The University of Southampton
University of Southampton Institutional Repository

Depositional processes of black shales in deep water

Stow, D.A.V., Huc, A-Y. and Bertrand, P. (2001) Depositional processes of black shales in deep water Marine and Petroleum Geology, 18, (4), pp. 491-498. (doi:10.1016/S0264-8172(01)00012-5).

Record type: Article


With deep-water exploration for and production of hydrocarbons becoming progressively more extensive and successful, it is clearly important to understand the processes of deposition and organic matter preservation of black shale source rocks in the deep sea. This short contribution aims to summarize the current state of knowledge in this area and to suggest directions for future research. Black shales are defined as generally fine-grained sediments or sedimentary rocks that contain >1% total organic carbon (TOC). Deep water in the marine environment is taken as any depth in excess of storm wave base (i.e. approximately 200 m). Much of this synthesis is based on previous work by the authors on deep-water processes (Sediment transport and depositional processes (1994) 257; Sedimentary environments: processes, facies and stratigraphy (1996) 395) and black shales (Fine grained sediments: deep-water processes and facies (1984) 527; AAPG studies in geology no. 40 (1995); Geol. Soc. Spec. Publ., 26 (1987) 287), as well as on general black shale/source rock compilations (Marine petroleum source rocks (1987); Black shales (1994)).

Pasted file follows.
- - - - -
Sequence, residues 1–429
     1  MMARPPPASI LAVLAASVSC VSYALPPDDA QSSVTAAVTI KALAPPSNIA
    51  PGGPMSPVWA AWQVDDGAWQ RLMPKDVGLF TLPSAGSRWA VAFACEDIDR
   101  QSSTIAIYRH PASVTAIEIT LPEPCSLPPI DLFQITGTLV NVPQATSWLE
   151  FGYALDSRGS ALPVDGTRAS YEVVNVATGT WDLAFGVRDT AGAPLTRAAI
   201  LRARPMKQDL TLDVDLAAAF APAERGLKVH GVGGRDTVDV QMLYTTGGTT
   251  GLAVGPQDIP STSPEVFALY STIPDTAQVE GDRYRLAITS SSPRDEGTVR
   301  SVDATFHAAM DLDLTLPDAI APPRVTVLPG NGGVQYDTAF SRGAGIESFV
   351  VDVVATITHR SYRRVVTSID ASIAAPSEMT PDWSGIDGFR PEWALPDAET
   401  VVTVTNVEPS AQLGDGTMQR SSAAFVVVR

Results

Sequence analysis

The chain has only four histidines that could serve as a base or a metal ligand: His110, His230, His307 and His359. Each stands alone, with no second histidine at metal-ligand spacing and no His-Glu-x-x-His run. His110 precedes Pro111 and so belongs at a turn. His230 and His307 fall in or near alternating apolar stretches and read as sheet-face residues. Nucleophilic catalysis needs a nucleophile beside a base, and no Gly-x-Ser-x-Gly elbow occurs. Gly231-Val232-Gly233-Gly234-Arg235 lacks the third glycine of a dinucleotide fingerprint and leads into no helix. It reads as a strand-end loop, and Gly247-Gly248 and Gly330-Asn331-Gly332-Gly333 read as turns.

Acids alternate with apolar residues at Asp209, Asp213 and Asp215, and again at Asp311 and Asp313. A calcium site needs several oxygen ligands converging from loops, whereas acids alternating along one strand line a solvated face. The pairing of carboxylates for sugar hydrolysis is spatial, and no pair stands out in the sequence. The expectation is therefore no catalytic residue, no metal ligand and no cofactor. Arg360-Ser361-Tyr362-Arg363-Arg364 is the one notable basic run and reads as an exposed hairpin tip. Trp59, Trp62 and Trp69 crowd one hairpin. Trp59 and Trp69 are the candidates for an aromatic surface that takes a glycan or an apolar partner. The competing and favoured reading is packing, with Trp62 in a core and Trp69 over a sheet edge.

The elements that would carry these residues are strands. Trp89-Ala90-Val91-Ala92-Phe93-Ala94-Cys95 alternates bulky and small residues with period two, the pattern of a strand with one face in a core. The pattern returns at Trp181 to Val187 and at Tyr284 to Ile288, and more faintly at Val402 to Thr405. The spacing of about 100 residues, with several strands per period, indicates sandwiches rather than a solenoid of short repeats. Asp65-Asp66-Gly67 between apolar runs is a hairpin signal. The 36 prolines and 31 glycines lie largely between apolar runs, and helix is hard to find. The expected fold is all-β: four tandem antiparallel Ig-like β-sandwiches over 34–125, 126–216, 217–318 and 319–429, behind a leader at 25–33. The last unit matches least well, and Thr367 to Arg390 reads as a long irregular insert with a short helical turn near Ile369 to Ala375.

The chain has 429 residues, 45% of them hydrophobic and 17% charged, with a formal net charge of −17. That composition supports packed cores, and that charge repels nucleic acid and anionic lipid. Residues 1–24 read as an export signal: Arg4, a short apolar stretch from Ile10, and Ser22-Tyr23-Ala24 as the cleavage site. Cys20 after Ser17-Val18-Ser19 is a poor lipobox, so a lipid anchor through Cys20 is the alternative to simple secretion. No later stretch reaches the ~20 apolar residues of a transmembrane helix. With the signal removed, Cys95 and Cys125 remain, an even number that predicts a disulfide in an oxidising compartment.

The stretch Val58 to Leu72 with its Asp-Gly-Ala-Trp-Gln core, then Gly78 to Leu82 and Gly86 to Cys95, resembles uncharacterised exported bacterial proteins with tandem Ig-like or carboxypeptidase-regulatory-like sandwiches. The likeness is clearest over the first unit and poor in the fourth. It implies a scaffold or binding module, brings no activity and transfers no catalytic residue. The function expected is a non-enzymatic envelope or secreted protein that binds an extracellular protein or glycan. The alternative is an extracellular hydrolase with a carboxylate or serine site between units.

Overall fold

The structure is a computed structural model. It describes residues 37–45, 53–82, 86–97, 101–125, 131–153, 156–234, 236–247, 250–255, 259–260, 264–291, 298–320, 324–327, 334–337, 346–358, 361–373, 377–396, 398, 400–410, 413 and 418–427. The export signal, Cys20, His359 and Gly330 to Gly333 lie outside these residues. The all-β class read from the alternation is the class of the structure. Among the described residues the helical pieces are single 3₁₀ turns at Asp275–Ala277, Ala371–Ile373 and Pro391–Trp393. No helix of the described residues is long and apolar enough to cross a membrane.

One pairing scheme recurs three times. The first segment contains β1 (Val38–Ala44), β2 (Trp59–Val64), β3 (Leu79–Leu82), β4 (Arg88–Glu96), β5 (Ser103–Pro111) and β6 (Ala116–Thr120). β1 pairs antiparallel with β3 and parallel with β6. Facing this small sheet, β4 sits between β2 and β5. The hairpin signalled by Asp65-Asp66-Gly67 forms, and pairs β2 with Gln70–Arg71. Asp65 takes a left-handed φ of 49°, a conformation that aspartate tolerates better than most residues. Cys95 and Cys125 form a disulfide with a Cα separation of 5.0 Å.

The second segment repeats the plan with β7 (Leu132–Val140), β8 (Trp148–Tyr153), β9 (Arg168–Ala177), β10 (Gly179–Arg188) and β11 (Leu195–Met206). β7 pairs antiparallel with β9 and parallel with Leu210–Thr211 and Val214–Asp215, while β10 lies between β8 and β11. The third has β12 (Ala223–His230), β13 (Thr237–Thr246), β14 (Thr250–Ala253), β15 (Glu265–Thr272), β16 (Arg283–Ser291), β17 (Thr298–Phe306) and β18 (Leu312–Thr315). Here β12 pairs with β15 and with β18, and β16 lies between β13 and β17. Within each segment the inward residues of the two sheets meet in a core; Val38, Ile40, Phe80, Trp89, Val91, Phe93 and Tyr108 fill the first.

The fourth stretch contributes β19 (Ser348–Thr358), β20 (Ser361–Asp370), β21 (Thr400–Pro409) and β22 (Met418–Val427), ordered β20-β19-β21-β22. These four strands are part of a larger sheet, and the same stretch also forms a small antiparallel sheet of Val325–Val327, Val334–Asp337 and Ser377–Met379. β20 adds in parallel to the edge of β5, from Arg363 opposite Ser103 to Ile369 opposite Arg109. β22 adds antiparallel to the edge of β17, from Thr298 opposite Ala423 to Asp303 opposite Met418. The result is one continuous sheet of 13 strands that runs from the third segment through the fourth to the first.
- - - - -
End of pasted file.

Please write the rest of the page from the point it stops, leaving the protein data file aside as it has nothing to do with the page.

Full text not available from this repository.

More information

Published date: 2001
Keywords: black shales, deep water, depositional processes


Local EPrints ID: 7820
ISSN: 0264-8172
PURE UUID: 707ab778-e4ed-4448-8615-11b4aefdece2

Catalogue record

Date deposited: 30 Jun 2004
Last modified: 17 Jul 2017 17:14

Export record



Author: D.A.V. Stow
Author: A-Y. Huc
Author: P. Bertrand

University divisions

Download statistics

Downloads from ePrints over the past year. Other digital versions may also be available to download e.g. from the publisher's website.

View more statistics

Atom RSS 1.0 RSS 2.0

Contact ePrints Soton:

ePrints Soton supports OAI 2.0 with a base URL of

This repository has been built using EPrints software, developed at the University of Southampton, but available to everyone to use.

We use cookies to ensure that we give you the best experience on our website. If you continue without changing your settings, we will assume that you are happy to receive cookies on the University of Southampton website.